Chimeric antigen receptor natural killer (CAR-NK) cell design and engineering for cancer therapy

Y. Gong, R.G.J.K. Wolterink, J.X. Wang, G.M.J. Bos, W.T.V. Germeraad*

*Corresponding author for this work

Research output: Contribution to journalReview articlepeer-review

23 Citations (Web of Science)

Abstract

Due to their efficient recognition and lysis of malignant cells, natural killer (NK) cells are considered as specialized immune cells that can be genetically modified to obtain capable effector cells for adoptive cellular treatment of cancer patients. However, biological and technical hurdles related to gene delivery into NK cells have dramatically restrained progress. Recent technological advancements, including improved cell expansion techniques, chimeric antigen receptors (CAR), CRISPR/Cas9 gene editing and enhanced viral transduction and electroporation, have endowed comprehensive generation and characterization of genetically modified NK cells. These promising developments assist scientists and physicians to design better applications of NK cells in clinical therapy. Notably, redirecting NK cells using CARs holds important promise for cancer immunotherapy. Various preclinical and a limited number of clinical studies using CAR-NK cells show promising results: efficient elimination of target cells without side effects, such as cytokine release syndrome and neurotoxicity which are seen in CAR-T therapies. In this review, we focus on the details of CAR-NK technology, including the design of efficient and safe CAR constructs and associated NK cell engineering techniques: the vehicles to deliver the CAR-containing transgene, detection methods for CARs, as well as NK cell sources and NK cell expansion. We summarize the current CAR-NK cell literature and include valuable lessons learned from the CAR-T cell field. This review also provides an outlook on how these approaches may transform current clinical products and protocols for cancer treatment.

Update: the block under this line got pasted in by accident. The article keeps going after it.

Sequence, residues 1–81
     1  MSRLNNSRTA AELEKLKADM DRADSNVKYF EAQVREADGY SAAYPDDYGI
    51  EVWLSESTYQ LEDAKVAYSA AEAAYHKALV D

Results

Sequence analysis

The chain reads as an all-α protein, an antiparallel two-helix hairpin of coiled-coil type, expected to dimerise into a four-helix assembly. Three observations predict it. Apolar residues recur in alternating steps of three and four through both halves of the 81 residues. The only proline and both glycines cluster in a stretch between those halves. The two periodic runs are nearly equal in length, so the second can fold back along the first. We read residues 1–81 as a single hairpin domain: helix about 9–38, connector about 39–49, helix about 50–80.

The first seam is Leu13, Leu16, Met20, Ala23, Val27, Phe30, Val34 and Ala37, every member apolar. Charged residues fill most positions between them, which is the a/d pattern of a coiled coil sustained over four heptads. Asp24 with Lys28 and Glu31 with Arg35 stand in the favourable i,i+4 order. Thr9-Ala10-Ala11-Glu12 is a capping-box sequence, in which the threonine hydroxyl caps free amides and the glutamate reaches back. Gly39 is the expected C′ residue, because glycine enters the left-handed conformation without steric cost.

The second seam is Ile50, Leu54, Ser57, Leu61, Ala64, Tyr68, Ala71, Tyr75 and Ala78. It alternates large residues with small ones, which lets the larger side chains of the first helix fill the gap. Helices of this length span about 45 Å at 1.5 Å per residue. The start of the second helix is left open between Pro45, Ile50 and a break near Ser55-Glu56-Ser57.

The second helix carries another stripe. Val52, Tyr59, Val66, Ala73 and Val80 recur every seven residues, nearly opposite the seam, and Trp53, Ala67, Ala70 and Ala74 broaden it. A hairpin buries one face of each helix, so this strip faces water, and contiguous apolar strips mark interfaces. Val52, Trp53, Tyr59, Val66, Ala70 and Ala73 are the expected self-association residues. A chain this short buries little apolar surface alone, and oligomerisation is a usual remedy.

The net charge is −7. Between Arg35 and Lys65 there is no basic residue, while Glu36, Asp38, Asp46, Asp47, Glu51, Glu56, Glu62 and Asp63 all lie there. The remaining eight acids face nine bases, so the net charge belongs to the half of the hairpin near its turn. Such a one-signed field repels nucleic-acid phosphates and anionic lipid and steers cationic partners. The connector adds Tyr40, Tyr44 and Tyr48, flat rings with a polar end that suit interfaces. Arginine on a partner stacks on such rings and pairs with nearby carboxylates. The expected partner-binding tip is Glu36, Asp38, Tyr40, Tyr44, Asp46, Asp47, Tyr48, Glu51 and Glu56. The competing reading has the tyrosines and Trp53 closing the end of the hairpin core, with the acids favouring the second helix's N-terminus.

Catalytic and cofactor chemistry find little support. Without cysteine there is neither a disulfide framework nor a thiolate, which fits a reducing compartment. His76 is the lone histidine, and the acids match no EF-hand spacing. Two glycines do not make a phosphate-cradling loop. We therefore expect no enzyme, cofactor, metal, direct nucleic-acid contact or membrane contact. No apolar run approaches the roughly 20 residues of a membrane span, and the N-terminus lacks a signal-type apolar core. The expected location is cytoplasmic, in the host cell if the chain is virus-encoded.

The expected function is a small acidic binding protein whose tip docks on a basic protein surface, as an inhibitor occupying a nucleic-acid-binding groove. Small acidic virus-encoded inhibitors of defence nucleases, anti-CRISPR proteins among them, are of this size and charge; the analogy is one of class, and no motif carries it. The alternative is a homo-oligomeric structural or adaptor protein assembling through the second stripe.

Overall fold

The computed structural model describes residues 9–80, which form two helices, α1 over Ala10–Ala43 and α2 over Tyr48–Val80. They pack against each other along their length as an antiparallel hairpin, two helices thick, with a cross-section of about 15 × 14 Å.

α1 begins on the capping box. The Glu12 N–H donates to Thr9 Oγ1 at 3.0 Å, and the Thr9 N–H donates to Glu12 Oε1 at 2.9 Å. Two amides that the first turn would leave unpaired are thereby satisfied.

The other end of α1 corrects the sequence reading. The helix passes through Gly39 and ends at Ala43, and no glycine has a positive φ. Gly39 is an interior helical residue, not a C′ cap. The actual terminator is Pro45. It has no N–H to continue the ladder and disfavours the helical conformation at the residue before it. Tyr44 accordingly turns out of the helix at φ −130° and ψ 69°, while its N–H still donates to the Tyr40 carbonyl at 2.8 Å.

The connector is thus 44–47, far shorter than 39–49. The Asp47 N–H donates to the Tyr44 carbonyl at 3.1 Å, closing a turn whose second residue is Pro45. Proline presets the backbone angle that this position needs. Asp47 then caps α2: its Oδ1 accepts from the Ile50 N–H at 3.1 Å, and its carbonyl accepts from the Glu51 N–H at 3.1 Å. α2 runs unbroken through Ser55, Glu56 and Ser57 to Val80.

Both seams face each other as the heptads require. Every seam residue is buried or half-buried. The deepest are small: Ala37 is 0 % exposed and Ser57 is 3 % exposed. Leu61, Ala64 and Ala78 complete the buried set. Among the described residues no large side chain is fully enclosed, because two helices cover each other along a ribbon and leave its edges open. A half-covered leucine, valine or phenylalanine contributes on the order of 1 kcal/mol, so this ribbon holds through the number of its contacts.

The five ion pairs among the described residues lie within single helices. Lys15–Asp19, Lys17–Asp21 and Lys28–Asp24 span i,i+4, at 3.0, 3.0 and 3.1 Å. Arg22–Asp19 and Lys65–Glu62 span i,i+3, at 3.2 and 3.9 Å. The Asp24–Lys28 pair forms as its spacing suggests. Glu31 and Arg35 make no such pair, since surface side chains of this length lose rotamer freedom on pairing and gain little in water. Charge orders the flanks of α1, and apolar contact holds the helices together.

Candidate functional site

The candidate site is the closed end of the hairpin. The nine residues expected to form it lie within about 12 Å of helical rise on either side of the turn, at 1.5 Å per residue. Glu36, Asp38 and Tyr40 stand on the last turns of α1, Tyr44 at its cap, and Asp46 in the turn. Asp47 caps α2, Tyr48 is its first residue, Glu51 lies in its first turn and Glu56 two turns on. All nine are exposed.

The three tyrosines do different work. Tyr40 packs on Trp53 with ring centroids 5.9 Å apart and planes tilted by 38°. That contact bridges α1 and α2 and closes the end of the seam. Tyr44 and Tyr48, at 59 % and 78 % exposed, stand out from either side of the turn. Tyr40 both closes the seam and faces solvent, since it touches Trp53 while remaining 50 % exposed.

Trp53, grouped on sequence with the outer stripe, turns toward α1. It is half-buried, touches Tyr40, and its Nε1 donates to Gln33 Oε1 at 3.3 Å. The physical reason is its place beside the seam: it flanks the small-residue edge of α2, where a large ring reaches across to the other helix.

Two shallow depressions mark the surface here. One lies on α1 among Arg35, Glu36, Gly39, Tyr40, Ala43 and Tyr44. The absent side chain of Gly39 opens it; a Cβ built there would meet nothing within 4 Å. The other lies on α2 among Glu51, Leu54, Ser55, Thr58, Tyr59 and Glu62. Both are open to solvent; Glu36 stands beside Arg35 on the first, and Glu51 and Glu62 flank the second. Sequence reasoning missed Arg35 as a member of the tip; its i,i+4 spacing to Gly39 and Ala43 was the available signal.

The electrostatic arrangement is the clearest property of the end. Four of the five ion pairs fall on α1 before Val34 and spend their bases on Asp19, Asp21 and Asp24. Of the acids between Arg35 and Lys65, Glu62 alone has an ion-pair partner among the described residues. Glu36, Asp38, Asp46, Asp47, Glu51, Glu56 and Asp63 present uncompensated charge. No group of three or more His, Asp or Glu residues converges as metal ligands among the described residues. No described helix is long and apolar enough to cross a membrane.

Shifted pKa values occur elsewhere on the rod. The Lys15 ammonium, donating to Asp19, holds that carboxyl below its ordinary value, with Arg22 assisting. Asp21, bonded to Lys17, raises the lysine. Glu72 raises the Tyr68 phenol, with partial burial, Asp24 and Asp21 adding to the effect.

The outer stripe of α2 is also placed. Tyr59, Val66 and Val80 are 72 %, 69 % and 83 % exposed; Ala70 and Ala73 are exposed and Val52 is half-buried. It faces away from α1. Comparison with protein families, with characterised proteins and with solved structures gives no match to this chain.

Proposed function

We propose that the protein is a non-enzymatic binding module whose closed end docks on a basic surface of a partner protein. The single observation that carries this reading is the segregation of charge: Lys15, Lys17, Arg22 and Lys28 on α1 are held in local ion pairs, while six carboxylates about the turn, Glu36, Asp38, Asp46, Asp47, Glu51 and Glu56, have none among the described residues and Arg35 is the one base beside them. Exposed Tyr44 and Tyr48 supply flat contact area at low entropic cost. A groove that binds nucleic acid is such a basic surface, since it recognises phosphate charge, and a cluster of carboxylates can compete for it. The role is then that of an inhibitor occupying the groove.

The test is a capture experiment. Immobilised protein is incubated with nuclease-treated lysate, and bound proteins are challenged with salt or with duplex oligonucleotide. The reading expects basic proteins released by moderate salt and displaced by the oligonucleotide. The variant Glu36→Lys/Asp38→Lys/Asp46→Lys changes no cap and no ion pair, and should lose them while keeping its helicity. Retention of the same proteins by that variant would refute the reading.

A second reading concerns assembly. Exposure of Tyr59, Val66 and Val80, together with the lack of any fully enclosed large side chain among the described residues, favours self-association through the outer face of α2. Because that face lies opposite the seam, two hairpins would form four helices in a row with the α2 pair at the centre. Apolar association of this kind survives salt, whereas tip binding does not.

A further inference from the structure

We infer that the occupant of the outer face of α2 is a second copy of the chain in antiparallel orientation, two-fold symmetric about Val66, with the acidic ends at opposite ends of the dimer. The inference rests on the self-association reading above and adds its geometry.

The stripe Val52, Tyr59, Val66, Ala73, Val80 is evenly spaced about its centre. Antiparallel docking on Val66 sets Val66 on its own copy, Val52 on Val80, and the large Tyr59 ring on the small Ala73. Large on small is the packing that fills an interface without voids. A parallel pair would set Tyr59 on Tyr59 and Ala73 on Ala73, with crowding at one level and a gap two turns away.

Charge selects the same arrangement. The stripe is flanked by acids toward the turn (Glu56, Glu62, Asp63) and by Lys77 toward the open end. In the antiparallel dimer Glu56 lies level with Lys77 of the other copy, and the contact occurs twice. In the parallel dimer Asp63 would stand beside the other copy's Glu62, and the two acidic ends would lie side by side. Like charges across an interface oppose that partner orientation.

Original languageEnglish
Article number73
Number of pages35
JournalJournal of Hematology & Oncology
Volume14
Issue number1
DOIs
Publication statusPublished - 1 May 2021

Keywords

  • Adoptive cell therapy
  • Cancer immunotherapy
  • Chimeric antigen receptor
  • Genetic modification
  • Natural killer cells
  • ACTIVATION
  • SPECIFICITY
  • LYMPHOCYTE SUBSETS
  • PROTEIN-L
  • SELECTION
  • EXPRESSION
  • EFFICIENCY
  • T-CELLS
  • TUMOR MICROENVIRONMENT
  • LENTIVIRAL TRANSDUCTION

Cite this